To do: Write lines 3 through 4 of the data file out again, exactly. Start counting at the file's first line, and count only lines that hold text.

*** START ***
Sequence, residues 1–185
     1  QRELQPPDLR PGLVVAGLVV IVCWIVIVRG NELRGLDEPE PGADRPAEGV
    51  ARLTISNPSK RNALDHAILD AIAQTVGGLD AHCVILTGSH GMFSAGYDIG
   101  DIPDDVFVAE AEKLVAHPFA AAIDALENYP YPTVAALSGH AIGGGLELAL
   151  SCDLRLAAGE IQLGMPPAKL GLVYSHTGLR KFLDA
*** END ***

    51  ARLTISNPSK RNALDHAILD AIAQTVGGLD AHCVILTGSH GMFSAGYDIG
   101  DIPDDVFVAE AEKLVAHPFA AAIDALENYP YPTVAALSGH AIGGGLELAL